Video

Video Aung San Suu Kyi: Myanmar Opposition to Keep Pushing for Constitutional Change

Myanmar opposition leader Aung San Suu Kyi says she and her supporters will continue pushing to amend a constitutional clause that bars her from running for president next year. VOA's Than Lwin Htun reports from the capital Naypyitaw in this report narrated by Colin Lovett.
Video

Video Mali Attempts to Shut Down Ebola Transmission Chain

Senegal and Nigeria were able to stop small Ebola outbreaks by closely monitoring those who had contact with the sick person and quickly isolating anyone with symptoms. Mali is now scrambling to do the same. VOA’s Anne Look reports from Mali on what the country is doing to shut down the chain of transmission.
Video

Video Ukraine Marks Anniversary of Deadly 1930s Famine

During a commemoration for millions who died of starvation in Ukraine in the early 1930s, President Petro Poroshenko lashed out at Soviet-era totalitarianism for causing the deaths and accused today’s Russian-backed rebels in the east of using similar tactics. VOA’s Daniel Shearf reports from Kyiv.
Video

Video Hong Kong Protests at a Crossroads

New public opinion polls in Hong Kong indicate declining support for pro-democracy demonstrations after weeks of street protests. VOA’s Bill Ide in Guangzhou and Pros Laput in Hong Kong spoke with protesters and observers about whether demonstrators have been too aggressive in pushing for change.
Video

Video US Immigration Relief Imminent for Mixed-Status Families

Tens of thousands of undocumented immigrants in the Washington, D.C., area may benefit from a controversial presidential order announced this week. It's not a path to citizenship, as some activists hoped. But it will allow more immigrants who arrived as children or who have citizen children, to avoid deportation and work legally. VOA's Victoria Macchi talks with one young man who benefited from an earlier presidential order, and whose parents may now benefit after years of living in fear.
Video

Video New Skateboard Defies Gravity

A futuristic dream only a couple of decades ago, the hoverboard – a skateboard that floats above the ground - has finally been made possible. While still not ready for mass production, it promises to become a cool mode of transport... at least over some surfaces. VOA’s George Putic reports.
Video

Video Falling Gas Prices Impact US Oil Extraction

With the price of oil now less than $80 a barrel, motorists throughout the United States are benefiting from gas prices below $3 a gallon. But as VOA’s Kane Farabaugh reports, the decreasing price of petroleum has a downside for the hydraulic fracturing industry in the United States.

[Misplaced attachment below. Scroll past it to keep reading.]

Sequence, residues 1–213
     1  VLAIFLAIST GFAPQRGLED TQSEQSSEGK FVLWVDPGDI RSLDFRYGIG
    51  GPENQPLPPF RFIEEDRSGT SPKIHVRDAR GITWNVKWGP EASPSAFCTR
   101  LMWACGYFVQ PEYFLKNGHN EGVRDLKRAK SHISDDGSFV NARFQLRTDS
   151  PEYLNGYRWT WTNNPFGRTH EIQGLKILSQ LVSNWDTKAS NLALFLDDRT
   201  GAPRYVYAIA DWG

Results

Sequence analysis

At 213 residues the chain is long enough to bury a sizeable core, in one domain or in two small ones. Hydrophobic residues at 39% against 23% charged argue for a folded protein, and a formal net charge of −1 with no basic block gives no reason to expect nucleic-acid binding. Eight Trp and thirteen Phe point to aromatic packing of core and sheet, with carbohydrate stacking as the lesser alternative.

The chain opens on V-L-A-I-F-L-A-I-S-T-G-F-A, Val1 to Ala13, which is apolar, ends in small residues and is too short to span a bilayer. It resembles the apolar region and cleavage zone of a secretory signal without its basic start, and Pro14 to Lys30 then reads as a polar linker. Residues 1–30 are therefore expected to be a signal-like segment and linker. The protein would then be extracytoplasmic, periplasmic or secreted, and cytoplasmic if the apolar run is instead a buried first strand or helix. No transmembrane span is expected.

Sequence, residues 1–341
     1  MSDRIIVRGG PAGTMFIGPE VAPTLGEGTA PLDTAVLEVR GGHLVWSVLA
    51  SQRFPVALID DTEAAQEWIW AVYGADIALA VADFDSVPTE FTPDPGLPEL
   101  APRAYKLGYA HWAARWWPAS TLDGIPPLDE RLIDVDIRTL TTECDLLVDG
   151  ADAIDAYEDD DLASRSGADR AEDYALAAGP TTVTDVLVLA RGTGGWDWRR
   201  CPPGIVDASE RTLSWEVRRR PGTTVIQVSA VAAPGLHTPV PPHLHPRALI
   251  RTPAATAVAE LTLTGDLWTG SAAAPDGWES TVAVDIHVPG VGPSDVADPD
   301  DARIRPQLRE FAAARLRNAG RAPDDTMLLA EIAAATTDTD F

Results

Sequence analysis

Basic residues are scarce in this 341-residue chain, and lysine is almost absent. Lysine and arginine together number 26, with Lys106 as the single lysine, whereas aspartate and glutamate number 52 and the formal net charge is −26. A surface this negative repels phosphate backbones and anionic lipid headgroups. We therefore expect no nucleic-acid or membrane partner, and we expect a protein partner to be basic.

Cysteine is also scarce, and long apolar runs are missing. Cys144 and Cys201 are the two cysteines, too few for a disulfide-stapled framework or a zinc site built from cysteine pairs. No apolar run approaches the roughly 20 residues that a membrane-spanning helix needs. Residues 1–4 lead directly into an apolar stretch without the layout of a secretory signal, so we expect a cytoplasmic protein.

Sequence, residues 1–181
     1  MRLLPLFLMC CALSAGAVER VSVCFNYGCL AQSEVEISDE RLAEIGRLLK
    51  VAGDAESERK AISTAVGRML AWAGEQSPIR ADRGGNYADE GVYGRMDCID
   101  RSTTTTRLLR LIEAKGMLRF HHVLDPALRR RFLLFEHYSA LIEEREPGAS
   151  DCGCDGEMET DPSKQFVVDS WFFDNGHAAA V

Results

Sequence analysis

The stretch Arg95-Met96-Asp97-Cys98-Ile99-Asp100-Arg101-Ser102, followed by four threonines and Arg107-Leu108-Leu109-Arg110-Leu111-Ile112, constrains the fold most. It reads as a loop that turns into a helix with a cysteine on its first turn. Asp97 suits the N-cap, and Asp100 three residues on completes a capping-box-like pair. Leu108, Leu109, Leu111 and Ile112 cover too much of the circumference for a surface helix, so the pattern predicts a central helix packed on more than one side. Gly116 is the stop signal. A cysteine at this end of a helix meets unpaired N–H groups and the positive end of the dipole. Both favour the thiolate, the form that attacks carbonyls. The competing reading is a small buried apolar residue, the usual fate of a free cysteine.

Video

Video Tensions Build on Korean Peninsula Amid Military Drills

It has been another tense week on the Korean peninsula as Pyongyang threatened to again test nuclear weapons while the U.S. and South Korean forces held joint military exercises in a show of force. VOA’s Brian Padden reports from the Kunsan Air Base in South Korea.
Video

Video Mama Sarah Obama Honored at UN Women’s Entrepreneurship Day

President Barack Obama's step-grandmother is in the United States to raise money to build a $12 million school and hospital center in Kogelo, Kenya, the birthplace of the president's father, Barack Obama, Sr. She was honored for her decades of work to aid poor Kenyans at a Women's Entrepreneurship Day at the United Nations.
Video

Video Ebola Economic Toll Stirs W. Africa Food Security Concerns

The World Bank said Wednesday that it expects the economic impact of the Ebola outbreak on the sub-Saharan economy to cost somewhere betweenf $3 billion to $4 billion - well below a previously-outlined worst-case scenario of $32 billion. Some economists, however, paint a gloomier picture - warning that the disruption to regional markets and trading is considerable. Henry Ridgwell reports from London.
Video

Video Chaos, Abuse Defy Solution in Libya

The political and security crisis in Libya is deepening, with competing governments and, according to Amnesty International, widespread human rights violations committed with impunity. VOA’s Al Pessin reports from London.
Video

Video US Hosts Record 866,000 Foreign Students

Close to 900,000 international students are studying at American universities and colleges, more than ever before. About half of them come from Asia, mostly China. The United States hosts more foreign students than any other country in the world, and its foreign student population is steadily growing. Zlatica Hoke reports.

All About America

AppleAndroid